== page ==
The sudden change in plans made my palms start to sweat. The Beach Boys blaring from my earbuds abruptly stopped as my phone died, leaving an uncomfortable silence. The only sound came from the 18-year-old beside me who gingerly leafed through his textbook. As the stations rolled past, I feared my inexperience traveling alone would prove problematic. With no options left, I swallowed my awkwardness and in a mouse-like way explained my dilemma; he generously pulled out his phone and instructed me through the Amtrak map like a seasoned pro. Assistance led to pleasant conversation, and in time I learned all about my very first seatmate, James; he would join the “Amtrak Hall of Fame,” an unofficial ranking of dynamic people I have encountered sitting on those cobalt seats.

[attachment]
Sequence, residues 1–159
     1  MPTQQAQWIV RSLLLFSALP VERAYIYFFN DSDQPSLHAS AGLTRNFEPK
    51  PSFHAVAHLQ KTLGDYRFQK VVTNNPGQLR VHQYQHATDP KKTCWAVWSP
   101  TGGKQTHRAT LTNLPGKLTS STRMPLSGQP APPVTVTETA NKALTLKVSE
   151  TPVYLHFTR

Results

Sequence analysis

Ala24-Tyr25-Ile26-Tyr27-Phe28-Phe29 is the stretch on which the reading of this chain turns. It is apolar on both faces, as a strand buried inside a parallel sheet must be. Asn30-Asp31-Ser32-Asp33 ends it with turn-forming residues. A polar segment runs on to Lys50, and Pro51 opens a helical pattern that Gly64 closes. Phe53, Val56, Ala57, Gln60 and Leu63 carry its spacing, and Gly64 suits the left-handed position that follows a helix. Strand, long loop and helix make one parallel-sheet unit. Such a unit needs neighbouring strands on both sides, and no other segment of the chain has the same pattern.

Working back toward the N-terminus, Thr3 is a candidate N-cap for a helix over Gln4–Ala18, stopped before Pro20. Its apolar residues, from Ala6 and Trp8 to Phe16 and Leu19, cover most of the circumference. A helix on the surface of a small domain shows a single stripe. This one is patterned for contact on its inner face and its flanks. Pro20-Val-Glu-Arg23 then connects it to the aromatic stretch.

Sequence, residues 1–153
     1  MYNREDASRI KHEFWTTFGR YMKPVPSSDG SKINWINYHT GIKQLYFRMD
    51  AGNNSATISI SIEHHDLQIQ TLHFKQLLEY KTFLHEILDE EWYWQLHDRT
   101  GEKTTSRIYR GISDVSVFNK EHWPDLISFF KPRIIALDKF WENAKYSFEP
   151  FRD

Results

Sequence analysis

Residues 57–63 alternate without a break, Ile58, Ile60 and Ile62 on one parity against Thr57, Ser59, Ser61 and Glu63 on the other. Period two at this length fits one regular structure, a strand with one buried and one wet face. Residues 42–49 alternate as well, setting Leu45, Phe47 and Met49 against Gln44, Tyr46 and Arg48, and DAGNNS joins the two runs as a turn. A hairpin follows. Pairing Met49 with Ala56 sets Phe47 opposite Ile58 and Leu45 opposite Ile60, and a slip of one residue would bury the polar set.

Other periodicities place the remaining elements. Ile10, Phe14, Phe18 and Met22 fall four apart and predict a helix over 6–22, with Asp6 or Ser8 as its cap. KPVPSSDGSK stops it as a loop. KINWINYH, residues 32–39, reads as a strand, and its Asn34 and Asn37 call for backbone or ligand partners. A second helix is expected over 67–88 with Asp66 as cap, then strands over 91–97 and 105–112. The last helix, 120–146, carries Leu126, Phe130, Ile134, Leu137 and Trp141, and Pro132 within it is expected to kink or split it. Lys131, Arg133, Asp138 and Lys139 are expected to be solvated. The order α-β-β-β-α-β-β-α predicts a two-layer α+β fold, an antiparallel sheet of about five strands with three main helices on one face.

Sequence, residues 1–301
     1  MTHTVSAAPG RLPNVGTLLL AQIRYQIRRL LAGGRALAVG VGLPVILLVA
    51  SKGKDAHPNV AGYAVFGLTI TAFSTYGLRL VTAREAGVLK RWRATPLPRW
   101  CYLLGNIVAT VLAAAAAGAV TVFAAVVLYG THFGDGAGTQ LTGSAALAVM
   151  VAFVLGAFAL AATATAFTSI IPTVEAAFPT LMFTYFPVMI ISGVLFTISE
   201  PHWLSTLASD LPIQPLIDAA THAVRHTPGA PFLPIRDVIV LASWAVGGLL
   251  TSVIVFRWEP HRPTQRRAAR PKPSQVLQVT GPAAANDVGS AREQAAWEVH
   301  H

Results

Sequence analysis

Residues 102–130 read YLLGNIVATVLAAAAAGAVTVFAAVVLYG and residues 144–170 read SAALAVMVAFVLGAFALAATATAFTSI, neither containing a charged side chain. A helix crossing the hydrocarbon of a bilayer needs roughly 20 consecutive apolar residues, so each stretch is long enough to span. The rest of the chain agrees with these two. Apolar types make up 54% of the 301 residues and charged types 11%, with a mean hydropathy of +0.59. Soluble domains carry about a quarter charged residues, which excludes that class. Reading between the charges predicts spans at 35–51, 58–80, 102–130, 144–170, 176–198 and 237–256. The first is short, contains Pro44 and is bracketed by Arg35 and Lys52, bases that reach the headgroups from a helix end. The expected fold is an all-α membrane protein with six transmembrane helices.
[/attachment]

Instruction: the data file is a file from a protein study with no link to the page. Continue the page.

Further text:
When my mom moved to Maryland before my freshman year of high school, I took the train once a month to visit her. Amtrak was the perfect nightmare for a claustrophobic, anxiety-ridden 14-year-old who was scared to leave the comfort of Wilton. My solution was to hide under my cap, with my feet propped on the seat next to me, all in the hopes of closing myself off from strangers. This strategy proved ineffective on the day I met Dan.